8. The one I had was Hawk. It was the only 1/48 biplane I ever rigged. It came in a yellow box with the large Hawk name on the upper left corner. The plane came in yellow plastic with the post war star and red circle insignia. Lindberg had two WWl planes in 1/40th scale. They were a SPAD Xlll in Post war markings and an SE-5. I did like the 1/48 Lindberg Stuka with the working motor, even if it was as bad as the Aurora WW2 planes and couldn’t compare with the later Monogram 1/48.
  9. Like you I also loved the Aurora WW1 planes. I have a goal of having 1/32nd versions of those planes. The WnWs release of the Halberstadt CL-2 made this goal one plane closer. What is still missing is the following: Albatros C-lll Gotha G-V, however I am satisfied with the G-lV Arco DH-4 Breguet Bre-14 Dehavilland DH-10 Curtis Jenny, although Aurora merely rereleased the Hawk Kit The only Aurora WWl kits I never owned were the Fokker Dr-1, Sopwith Camel, SPAD Xlll, because of the Revell 1/28 releases of these planes and the Nieuport Nie 28, because it came out much later.
  10. It seems to me as I reread the various posts on this thread, that this is a WW1 enthusiasts vs WW2 enthusiasts thread. I do like WW2 aircraft, however, I have always preferred WW1 aircraft over all others with a handful of exceptions. WnWs is the only company that is or ever has been to produce large scale multisest aircraft or to ever make more than a few different kinds of aircraft from the Great War. I also do applaud Roden for the same. Unlike those WW2 enthusiasts, I want to see all those hundreds of different aircraft used in WW1. There are dozens of companies making WW2 models, but only a very few making WW1 planes. I don’t wish any WW1 stop making WW1 models and go to WW2 models. If they want to make both that’s alright with me, as long as they don’t slow down their WW1 production, but I don’t see anything broken with WnWs, so if it ain’t broke....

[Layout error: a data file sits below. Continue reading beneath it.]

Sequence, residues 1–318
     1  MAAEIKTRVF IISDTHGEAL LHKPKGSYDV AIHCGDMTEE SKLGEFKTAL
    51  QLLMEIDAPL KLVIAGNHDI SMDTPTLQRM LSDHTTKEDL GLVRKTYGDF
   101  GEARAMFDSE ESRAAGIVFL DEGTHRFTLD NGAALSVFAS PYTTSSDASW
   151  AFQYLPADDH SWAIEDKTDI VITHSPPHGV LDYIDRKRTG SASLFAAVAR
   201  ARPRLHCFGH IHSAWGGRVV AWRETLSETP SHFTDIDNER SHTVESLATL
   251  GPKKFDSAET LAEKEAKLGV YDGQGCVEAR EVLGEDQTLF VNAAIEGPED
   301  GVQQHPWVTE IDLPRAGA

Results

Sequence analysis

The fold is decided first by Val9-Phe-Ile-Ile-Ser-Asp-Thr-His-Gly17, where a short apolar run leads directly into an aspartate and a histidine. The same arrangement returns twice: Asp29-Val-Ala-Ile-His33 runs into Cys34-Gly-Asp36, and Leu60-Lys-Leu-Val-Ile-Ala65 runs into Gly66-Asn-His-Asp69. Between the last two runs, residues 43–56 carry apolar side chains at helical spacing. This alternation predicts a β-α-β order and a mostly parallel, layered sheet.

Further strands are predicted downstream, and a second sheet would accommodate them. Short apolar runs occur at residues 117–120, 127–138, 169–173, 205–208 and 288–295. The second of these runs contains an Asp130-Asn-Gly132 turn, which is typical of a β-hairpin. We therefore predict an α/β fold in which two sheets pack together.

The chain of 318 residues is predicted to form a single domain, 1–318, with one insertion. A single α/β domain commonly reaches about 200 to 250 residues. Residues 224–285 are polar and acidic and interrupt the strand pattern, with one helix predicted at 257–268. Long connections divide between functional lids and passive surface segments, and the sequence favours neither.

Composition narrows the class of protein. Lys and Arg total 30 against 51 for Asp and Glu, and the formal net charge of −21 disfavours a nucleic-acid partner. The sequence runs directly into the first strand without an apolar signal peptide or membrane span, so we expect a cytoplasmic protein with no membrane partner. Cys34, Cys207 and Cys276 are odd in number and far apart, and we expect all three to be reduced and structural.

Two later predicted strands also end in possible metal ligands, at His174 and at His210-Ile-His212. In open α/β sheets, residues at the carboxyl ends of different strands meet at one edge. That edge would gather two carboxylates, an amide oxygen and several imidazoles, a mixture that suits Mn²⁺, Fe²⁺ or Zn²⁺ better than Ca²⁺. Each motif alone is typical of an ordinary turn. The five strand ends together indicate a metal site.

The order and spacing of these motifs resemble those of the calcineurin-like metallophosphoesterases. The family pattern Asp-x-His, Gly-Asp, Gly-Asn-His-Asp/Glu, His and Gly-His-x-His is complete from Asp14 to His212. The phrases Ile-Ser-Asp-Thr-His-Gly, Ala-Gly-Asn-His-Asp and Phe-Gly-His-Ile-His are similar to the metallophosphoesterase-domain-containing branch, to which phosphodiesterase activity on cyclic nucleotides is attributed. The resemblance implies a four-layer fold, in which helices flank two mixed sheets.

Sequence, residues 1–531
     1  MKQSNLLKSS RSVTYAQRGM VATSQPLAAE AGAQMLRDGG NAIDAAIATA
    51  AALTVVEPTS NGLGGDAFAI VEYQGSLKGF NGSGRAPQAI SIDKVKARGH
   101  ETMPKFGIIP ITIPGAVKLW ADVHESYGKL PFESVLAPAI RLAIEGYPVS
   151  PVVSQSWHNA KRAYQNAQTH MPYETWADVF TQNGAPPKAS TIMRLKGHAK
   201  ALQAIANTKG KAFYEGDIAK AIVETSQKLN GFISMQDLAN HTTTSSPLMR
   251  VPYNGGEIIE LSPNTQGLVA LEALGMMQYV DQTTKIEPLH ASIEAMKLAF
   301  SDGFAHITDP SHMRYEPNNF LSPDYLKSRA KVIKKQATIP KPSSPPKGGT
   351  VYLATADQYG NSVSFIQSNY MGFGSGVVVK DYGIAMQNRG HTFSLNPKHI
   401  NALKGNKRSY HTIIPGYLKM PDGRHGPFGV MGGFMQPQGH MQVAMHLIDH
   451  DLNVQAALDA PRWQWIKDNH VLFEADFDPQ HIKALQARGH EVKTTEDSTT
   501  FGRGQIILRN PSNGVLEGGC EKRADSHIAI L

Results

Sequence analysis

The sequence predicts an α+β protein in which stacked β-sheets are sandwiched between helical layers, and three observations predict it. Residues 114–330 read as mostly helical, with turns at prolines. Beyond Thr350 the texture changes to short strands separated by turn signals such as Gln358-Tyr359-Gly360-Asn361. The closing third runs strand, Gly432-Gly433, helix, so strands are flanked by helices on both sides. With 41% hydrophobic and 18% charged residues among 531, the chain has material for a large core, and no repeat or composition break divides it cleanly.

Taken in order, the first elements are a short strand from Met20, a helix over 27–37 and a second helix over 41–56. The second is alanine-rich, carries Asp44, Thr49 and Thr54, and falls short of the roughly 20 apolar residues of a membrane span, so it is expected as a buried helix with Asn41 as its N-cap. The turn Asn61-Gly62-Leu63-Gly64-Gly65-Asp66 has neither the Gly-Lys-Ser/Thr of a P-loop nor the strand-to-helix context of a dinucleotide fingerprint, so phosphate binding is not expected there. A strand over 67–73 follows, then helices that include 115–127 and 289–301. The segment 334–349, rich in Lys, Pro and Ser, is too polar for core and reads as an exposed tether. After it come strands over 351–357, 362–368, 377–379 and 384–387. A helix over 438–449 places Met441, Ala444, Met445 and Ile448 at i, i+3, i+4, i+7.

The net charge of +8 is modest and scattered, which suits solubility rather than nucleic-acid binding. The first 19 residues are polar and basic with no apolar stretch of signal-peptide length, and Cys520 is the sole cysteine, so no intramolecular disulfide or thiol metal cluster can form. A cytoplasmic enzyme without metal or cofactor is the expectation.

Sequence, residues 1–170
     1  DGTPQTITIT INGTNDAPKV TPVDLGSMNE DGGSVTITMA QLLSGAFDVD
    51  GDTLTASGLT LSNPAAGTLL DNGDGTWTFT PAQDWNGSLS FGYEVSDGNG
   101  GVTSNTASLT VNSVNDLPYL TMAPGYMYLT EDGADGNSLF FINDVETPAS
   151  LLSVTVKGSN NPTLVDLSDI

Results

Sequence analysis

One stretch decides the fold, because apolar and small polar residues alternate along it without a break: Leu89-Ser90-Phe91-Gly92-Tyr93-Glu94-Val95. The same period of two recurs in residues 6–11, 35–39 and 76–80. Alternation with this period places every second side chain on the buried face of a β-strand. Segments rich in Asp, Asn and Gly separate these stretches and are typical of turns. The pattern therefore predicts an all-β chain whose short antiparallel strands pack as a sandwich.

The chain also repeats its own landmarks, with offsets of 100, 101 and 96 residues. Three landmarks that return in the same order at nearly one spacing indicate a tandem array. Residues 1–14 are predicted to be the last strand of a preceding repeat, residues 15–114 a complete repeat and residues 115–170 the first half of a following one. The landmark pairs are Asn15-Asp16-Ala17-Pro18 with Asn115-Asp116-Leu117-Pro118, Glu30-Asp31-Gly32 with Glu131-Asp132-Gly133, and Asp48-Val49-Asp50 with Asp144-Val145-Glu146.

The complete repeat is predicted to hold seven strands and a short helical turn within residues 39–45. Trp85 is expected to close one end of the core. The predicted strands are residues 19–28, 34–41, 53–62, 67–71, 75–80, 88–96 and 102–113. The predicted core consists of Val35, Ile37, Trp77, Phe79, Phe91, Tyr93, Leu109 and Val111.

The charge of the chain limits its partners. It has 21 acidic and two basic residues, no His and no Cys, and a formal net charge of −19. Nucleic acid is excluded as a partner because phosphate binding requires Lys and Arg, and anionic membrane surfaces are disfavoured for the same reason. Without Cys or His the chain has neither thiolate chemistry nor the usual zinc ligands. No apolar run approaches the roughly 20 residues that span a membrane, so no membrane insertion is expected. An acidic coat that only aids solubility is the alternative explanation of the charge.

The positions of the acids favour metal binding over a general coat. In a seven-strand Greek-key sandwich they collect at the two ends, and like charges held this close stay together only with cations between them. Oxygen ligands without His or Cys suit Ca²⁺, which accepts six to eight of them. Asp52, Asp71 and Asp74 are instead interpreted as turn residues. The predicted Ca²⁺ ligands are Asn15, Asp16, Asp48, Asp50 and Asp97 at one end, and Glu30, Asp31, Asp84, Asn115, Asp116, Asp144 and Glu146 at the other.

11. Obviously I don’t agree, but I respect your opinion. As far as I see, a WW2 plane the size of a comparable sized WW2 model, would probably be too expensive for many modelers. If WnWs follows the same tradition with WW2 as they did in WW1, I expect we’d see types never before produced and everyone would be crying that they want another Bf109 or an Fw190, but WnWs would ignore the requests.
  12. The C-111 has a longer fuselage but a smaller wingspan.
  13. For very tedious parts of a model, I do a little bit at a time, work on another model, then go back to the tedious one. Right now I’m building spoked wheels for two Pocher Alfa Romeos which means eleven wheels, so hundreds of spokes and spokenuts.
  14. Personally, I don’t want WnWs to switch over to WW2. WW1 has been such a void for so long, especially multi seaters and anything other than more than a few of the most common fighters. I remember when in 1/32 for decades you could only find Nie 17s, SPAD Xllls, Sopwith Camels, and Fok Dr1s.
  15. Actually the only difference between the B-2 and the C-1 is the machine gun and if you have a Rumpler, it has a spare straight mount and machine gun. The Alb. C-lll is longer with a larger engine than a B-2 but it is on my wishlist. I wonder if you just reshape the tail on a B-2 and add a machine gun, and called it a C-3, how many would know otherwise?